Rev. Joan Bates Forsberg, 1953 B.D.

The Rev. Joan Bates Forsberg '53 B.D.
2013Distinction in Theological Education

Throughout her life, Rev. Joan Forsberg has been a trailblazer in theological education and campus ministry.  She has led countless women into expanding roles in society while demonstrating to all what a more just and equitable society might look like. 

She was ordained by the United Church of Christ in 1954 and began her ministry in an interdenominational, interracial urban setting in Greater New Haven, Connecticut, known as Oak Street.  At Oak Street, she was part of a group ministry based in a storefront church that provided a ministry of presence and a holistic teaching that combined traditional worship services with health and wellness education. Oak Street eventually became known as Wider City Parish, which met in different locations throughout the city.

In 1967 she was hired by Dr. Parker Rossman '53 Ph.D. as program director at the Ecumenical Center for Continuing Education for Clergy at Yale, located on Saint Ronan Street in New Haven.  In 1971, as YDS began accepting women in expanding numbers, she became the YDS registrar and advisor to students and joined professors Margaret Farley and, eventually, Letty Russell as three of the early faculty women. In short time, she was named Associate Dean for Student Life, and quickly became known for her listening, pastoral ear, and for helping countless students—and especially women—consider their personal, spiritual, and career journeys. A signature role for Forsberg was as celebrant at Marquand Chapel, where she was the first woman to be seen by many students in this role, presenting a powerful and inspiring image. She has called her ministry "a bridge—a ministry to facilitate," hoping to build "communication and understanding toward the wholeness of the human family."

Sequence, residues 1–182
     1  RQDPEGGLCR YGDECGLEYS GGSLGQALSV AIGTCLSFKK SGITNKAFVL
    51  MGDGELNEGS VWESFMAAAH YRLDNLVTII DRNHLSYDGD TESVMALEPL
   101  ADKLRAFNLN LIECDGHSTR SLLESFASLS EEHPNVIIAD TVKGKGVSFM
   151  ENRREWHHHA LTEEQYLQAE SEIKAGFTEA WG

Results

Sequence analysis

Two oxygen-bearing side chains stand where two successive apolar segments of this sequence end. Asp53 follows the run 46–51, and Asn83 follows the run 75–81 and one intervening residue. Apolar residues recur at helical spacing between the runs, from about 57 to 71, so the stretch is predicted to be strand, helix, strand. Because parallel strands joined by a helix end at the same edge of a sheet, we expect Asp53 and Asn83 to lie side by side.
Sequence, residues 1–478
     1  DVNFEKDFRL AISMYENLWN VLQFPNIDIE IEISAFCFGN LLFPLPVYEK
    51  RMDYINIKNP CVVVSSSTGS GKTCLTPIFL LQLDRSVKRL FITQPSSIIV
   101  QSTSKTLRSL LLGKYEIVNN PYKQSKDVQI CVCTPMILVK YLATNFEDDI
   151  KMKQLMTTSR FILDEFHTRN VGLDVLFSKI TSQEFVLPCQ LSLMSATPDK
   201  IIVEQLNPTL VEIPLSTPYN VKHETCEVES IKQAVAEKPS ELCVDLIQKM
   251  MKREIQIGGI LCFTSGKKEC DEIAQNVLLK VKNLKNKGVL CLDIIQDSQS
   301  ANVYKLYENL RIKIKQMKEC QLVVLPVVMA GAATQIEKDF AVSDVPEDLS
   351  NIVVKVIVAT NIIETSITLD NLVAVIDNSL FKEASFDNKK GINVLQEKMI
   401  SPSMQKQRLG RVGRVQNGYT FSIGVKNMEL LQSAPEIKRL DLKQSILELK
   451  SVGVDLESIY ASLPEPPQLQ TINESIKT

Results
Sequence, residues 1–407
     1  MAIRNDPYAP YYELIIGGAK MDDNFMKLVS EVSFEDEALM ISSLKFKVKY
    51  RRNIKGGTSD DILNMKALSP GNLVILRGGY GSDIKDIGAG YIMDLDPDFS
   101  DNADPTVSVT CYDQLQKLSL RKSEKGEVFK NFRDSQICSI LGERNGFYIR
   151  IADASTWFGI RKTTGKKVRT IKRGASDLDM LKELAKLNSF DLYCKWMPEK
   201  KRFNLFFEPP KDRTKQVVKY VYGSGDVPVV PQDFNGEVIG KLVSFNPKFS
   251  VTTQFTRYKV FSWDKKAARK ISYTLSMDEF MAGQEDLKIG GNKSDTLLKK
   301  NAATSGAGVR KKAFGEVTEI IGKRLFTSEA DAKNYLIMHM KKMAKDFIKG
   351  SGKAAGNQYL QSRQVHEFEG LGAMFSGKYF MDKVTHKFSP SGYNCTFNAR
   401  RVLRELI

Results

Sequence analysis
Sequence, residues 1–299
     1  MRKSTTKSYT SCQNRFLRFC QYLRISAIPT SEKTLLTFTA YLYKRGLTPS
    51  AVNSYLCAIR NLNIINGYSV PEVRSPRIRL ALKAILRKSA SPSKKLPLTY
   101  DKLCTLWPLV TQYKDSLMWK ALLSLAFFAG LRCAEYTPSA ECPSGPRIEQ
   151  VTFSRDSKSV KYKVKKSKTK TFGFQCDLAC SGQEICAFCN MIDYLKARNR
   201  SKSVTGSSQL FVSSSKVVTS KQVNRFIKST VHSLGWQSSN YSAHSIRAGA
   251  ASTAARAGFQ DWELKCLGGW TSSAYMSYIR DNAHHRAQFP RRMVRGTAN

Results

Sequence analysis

She was a co-recipient in 1975 of the U.C.C.'s first Antoinette Brown Award for women who exemplify the contributions of women in ordained ministry; and in 1978 she received an honorary doctorate degree from Berkeley Divinity School.